Early Islamic Translation and al-Muthāqafa (Cultural Exchange)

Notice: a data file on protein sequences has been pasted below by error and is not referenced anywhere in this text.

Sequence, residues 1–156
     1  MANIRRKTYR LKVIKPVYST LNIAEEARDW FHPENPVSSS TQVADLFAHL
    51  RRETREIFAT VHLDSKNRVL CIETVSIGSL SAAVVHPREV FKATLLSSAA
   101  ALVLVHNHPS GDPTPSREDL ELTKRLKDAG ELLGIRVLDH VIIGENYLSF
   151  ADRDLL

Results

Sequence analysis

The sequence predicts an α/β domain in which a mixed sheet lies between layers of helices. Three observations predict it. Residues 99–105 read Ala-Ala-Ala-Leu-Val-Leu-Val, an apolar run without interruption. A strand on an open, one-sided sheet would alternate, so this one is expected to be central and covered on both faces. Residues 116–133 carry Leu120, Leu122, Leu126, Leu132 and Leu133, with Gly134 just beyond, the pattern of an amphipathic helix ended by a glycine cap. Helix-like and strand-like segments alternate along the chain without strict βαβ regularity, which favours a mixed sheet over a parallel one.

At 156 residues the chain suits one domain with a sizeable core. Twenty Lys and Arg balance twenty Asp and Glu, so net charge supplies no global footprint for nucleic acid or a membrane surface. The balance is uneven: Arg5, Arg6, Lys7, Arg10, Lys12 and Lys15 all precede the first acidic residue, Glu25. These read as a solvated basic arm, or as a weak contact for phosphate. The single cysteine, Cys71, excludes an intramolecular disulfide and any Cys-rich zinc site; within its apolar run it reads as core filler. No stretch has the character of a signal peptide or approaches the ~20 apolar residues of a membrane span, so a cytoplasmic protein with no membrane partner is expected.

In this chapter, there is a discussion of the impact of an early acculturation upon societies; in general, modern Europe is still obliterating the facts of its renaissance based on the science and civilisation of Muslim Arabs. Most of the research of intellectual and philosophical studies, when they historically discussed the modern era, are moving rapidly towards the previous age, without acknowledging the real recognition and influence of the medieval Arab-Islamic civilisation period. Even the modern civilisation of the West, and the recognition of a few of its thinkers, revolves around itself in a negative way; it sees only the history of the world as the West reached great progress. Whatever the case, the translation movement had its role and its uniqueness in providing the Arab mind with ideas, opinions, and theories in various sciences and literature—where it was able to form a special thought for the Arab-Islamic civilisation, which was characterised by the process of human development, especially during the first four centuries of Islam, when Arabic was the official language of the state, where translation was a common contributor to the prosperity and cultural growth. Finally, the attempt of this chapter is to shed light on the motives that prompted Arab Muslims to transfer books of science, philosophy, and literature to their language, which is linked to the reality of ongoing successive conquests, which made them take into account the importance of new conditions.